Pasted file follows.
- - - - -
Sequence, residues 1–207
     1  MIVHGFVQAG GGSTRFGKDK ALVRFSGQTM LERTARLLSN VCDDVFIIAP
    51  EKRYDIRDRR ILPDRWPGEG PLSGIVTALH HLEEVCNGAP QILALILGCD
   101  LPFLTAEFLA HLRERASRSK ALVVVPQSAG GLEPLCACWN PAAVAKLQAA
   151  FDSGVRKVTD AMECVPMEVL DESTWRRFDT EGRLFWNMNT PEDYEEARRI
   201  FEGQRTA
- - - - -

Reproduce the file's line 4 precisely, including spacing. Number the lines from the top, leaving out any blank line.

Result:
   101  LPFLTAEFLA HLRERASRSK ALVVVPQSAG GLEPLCACWN PAAVAKLQAA